Jump to content

Ethical brands - spin off.


  • Please log in to reply
57 replies to this topic

#1 ERipley

Posted 18 August 2019 - 09:55 AM

I’m just wondering what kind of simple switches people have made to be more ethical about what they consume? This discussion started talking about what milk people buy to support farmers.

Please no smug attacks about how a company isn’t 100% perfect. I’m hoping that by sharing some ideas of popular brands anyone who’s interested (like me) can make some simple changes. I realise this is a bit of a minefield but I want to do better.

Lately I have chosen:

Lavazza for coffee
The Ordinary for beauty products
Green & Blacks for chocolate instead of Lindt.

I am curious about which tinned tomatoes are best? Apparently slave labour in Italy is really bad in this area.

#2 Mmmcheese

Posted 18 August 2019 - 10:01 AM

I vary all over the place depending on what's on my mind (Facebook feed!) At any time. I buy ardomna tinned tomatoes because they're local, so low food miles and I think local producers of food are something worthwhile to support. I try to buy fresh fruit and veg only in season. Eg, no imported asparagus from Mexico. I buy the more expensive milk. I try to buy from smaller companies. Nestle are evil, but also quite difficult to avoid if you're lazy like me. At times we've avoided palm oil and then we revert. I find grocery shopping exhausting because I overthink everything.

#3 DirtyStreetPie

Posted 18 August 2019 - 10:33 AM

Italy is known for illegally 'dumping' its tomatoes, so I buy only the SPC Admona brand.

Also, years ago, a report on the ABC mentioned that Italy exports more extra-virgin olive oil than it produces. In other words, ordinary olive oil is being mislabeled as extra-virgin and exported to us gullible idiots. So, I buy only local brands like Cobram Estate.

Same story with oregano - according to an investigation by Choice, many brands of dried oregano are just olive leaves and the like. I think Masterfoods and McCormick passed the test, so I stick with them.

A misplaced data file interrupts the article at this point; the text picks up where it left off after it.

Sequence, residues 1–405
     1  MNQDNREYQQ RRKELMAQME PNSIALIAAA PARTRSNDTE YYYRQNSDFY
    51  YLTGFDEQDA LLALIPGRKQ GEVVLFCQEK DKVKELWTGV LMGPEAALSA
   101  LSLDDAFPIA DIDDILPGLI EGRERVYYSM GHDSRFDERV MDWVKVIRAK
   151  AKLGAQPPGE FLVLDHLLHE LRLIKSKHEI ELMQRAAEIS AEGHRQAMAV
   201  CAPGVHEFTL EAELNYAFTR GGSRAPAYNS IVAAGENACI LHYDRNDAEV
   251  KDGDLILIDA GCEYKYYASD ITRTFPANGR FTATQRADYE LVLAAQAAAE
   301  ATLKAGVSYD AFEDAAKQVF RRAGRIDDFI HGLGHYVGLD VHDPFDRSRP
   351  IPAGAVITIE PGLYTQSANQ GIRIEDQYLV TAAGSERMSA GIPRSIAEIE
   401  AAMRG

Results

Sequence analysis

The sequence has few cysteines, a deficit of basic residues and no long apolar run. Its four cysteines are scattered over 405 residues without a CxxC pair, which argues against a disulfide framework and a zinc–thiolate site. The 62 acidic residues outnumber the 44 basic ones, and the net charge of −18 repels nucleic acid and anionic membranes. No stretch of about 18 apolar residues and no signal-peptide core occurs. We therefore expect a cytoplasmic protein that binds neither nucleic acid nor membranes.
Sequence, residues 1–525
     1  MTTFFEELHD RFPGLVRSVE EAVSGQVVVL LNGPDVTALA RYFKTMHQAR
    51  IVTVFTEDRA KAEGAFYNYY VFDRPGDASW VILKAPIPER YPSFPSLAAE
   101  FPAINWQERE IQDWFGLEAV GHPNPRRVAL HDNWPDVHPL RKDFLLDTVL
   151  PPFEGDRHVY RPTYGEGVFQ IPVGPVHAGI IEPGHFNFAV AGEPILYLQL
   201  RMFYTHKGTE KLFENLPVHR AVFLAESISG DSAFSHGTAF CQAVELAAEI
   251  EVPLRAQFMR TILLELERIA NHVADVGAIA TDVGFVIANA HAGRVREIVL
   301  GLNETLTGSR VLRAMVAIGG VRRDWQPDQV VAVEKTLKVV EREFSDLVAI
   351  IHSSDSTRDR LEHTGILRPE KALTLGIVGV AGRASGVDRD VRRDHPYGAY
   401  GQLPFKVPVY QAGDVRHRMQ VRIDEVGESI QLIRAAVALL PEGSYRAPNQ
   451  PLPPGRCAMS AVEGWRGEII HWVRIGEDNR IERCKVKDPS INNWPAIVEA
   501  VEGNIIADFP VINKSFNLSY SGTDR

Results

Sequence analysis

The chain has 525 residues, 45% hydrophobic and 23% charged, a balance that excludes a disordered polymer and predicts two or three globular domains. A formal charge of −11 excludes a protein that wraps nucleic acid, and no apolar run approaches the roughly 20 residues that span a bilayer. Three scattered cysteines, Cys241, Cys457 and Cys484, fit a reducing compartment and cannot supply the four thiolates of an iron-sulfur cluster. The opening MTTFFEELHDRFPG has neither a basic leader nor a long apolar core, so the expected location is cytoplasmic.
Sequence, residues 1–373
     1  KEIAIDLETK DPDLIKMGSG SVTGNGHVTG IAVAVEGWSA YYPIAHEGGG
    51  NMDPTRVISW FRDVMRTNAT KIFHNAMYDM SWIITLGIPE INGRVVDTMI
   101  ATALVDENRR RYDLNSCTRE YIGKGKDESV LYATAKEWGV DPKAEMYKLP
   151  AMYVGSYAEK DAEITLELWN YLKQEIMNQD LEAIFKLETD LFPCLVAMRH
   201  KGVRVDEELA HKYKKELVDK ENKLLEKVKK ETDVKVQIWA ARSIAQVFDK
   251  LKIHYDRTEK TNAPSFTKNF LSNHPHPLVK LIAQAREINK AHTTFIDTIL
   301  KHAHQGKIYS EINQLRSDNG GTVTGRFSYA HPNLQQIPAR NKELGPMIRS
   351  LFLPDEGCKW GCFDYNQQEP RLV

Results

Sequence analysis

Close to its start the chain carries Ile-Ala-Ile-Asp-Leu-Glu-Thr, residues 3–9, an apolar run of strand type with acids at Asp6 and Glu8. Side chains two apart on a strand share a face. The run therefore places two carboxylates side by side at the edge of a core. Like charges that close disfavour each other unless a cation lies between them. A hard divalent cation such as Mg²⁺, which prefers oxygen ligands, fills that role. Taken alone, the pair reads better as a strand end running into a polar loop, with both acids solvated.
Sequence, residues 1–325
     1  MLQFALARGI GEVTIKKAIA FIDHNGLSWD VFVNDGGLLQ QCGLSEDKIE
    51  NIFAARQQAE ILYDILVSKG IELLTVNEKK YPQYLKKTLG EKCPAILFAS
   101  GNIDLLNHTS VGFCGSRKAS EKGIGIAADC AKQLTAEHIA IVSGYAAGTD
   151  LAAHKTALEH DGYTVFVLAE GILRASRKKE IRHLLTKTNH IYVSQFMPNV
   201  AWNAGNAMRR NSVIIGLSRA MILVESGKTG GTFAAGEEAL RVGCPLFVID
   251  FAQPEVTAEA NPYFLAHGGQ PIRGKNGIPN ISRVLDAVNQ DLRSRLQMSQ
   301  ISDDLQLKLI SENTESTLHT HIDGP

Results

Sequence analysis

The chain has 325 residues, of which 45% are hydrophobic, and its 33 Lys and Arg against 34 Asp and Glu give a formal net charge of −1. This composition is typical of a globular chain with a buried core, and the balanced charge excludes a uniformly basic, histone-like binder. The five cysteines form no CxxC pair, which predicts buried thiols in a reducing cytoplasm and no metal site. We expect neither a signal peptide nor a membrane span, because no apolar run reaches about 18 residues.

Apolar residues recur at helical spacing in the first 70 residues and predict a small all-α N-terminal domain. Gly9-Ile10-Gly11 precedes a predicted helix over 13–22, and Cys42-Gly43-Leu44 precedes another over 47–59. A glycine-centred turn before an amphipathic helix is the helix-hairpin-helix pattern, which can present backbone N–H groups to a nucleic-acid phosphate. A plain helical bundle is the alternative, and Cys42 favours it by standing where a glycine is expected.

Now, this next one may cause controversy: I avoid Aldi, and here's why. When I walk into an Aldi store, many of the products have branding and logos that look like the popular brands you see in the major supermarkets. Companies spend many years (and dollars) establishing their brands. So Aldi is capitalising on the work that others have done, by ripping off the branding of popular manufacturers.

They're stealing, because brands and logos are worth real money.

I don't have a problem with Aldi existing and competing with the 'big two'. But if their products are so freaking awesome, they should have the confidence to develop their own branding instead of riding on the coattails of Kraft et al.

So, while I'm no fan of big companies etc etc, I do respect the work they've done in establishing their brands, so I make an ethical choice in not supporting brand thieves.

#4 Mmmcheese

Posted 18 August 2019 - 10:38 AM

Dirtystreetpie, that's why I often avoid the Coles/Woolworth brand products. Large companies have spent years refining and branding their products and the supermarkets muscle in and steal their work. As I said, I find the ethics of shopping exhausting and contradictory!

#5 DirtyStreetPie

Posted 18 August 2019 - 10:40 AM

View PostMmmcheese, on 18 August 2019 - 10:38 AM, said:

Dirtystreetpie, that's why I often avoid the Coles/Woolworth brand products. Large companies have spent years refining and branding their products and the supermarkets muscle in and steal their work. As I said, I find the ethics of shopping exhausting and contradictory!

Me too. I avoid 'home brand' where possible.

"Exhausting and contradictory" is the most apt description I've ever heard for this grocery-shopping palaver. :D

But I do recognise that I'm lucky that I get to make these choices, because I'm middle class and I can afford to buy the more expensive brands. I wouldn't expect a person on a low or fixed income to make the same choices, but those of us who can afford it should really try harder.

#6 Etta

Posted 18 August 2019 - 10:44 AM

I bottle my own tomatoes in summer - buy them in bulk and then do them in the vacola. I understand that the plastic that lines most of the cans contains BPA.